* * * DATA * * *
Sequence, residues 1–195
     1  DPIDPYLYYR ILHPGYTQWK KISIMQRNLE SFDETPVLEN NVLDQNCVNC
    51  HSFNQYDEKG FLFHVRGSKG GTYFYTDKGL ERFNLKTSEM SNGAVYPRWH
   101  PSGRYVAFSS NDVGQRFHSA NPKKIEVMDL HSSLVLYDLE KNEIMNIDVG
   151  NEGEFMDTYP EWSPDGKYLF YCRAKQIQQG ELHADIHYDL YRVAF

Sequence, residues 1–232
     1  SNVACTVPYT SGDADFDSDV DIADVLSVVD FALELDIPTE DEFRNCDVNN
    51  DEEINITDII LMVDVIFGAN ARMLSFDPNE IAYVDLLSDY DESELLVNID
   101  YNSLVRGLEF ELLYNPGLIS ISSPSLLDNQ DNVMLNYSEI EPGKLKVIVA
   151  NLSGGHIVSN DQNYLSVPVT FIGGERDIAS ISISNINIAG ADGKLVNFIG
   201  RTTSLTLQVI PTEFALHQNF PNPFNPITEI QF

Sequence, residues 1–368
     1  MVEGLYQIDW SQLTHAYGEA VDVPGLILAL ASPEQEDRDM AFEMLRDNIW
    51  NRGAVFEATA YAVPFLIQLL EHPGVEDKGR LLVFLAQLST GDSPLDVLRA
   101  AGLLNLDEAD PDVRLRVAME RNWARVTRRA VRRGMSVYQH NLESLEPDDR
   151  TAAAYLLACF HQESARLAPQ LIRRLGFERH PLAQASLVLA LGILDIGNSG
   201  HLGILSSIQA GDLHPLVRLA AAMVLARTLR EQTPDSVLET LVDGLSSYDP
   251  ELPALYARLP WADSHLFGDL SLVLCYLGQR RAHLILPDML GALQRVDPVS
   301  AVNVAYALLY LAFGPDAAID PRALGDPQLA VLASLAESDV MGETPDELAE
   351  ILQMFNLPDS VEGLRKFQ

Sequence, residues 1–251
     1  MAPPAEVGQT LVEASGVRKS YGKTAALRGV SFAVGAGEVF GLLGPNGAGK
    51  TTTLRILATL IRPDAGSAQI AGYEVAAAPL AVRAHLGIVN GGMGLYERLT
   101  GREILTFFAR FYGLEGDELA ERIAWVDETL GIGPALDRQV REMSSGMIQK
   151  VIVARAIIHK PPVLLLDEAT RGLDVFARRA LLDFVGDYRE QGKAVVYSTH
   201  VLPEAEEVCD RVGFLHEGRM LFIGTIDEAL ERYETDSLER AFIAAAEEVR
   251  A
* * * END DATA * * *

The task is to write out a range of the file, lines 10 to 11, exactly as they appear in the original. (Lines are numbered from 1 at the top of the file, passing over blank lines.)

   151  NLSGGHIVSN DQNYLSVPVT FIGGERDIAS ISISNINIAG ADGKLVNFIG
   201  RTTSLTLQVI PTEFALHQNF PNPFNPITEI QF